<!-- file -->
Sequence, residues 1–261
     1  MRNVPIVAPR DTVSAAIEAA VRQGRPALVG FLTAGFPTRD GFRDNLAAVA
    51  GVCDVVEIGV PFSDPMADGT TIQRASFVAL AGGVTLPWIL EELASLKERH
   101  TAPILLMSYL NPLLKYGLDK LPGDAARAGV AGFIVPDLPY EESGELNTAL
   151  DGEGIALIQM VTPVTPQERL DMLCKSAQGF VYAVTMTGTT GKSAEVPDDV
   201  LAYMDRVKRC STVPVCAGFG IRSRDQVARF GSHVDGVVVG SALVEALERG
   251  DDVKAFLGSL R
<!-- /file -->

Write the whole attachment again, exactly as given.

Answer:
Sequence, residues 1–261
     1  MRNVPIVAPR DTVSAAIEAA VRQGRPALVG FLTAGFPTRD GFRDNLAAVA
    51  GVCDVVEIGV PFSDPMADGT TIQRASFVAL AGGVTLPWIL EELASLKERH
   101  TAPILLMSYL NPLLKYGLDK LPGDAARAGV AGFIVPDLPY EESGELNTAL
   151  DGEGIALIQM VTPVTPQERL DMLCKSAQGF VYAVTMTGTT GKSAEVPDDV
   201  LAYMDRVKRC STVPVCAGFG IRSRDQVARF GSHVDGVVVG SALVEALERG
   251  DDVKAFLGSL R